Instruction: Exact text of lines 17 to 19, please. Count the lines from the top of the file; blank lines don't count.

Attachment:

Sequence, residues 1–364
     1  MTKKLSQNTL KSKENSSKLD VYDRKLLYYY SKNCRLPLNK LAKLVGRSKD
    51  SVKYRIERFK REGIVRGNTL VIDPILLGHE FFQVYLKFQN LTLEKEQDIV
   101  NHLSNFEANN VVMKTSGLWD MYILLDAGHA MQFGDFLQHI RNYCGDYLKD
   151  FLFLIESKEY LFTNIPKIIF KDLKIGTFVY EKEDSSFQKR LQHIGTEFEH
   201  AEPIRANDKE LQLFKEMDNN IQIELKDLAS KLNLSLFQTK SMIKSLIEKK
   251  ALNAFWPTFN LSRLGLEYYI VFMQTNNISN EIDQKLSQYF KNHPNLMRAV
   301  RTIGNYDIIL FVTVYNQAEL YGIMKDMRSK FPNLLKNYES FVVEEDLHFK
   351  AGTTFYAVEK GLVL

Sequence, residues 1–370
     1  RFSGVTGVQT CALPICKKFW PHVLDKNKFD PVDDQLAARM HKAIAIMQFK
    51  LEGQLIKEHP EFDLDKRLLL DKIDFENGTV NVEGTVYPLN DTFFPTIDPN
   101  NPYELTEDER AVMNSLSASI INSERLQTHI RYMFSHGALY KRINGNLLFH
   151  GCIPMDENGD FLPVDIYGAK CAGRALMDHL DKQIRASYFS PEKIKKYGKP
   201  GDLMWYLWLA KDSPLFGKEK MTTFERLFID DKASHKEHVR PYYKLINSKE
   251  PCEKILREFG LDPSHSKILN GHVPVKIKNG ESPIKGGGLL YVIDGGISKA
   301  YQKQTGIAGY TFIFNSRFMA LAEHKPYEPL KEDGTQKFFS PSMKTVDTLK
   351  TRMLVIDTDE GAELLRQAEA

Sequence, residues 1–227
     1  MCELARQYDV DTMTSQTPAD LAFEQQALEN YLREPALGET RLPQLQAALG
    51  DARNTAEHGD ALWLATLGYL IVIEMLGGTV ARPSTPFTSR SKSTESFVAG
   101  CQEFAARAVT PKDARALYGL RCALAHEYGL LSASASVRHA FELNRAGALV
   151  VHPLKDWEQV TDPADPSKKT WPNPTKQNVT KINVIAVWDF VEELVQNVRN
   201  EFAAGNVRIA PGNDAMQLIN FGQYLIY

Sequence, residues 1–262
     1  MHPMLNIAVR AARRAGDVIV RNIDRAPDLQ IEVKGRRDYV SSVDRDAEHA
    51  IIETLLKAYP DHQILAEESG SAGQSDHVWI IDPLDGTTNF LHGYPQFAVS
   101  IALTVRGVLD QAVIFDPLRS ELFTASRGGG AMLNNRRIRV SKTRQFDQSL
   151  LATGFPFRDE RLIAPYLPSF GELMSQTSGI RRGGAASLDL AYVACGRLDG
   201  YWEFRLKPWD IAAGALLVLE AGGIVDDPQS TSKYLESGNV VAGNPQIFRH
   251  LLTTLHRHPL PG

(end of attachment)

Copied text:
   301  YQKQTGIAGY TFIFNSRFMA LAEHKPYEPL KEDGTQKFFS PSMKTVDTLK
   351  TRMLVIDTDE GAELLRQAEA

Sequence, residues 1–227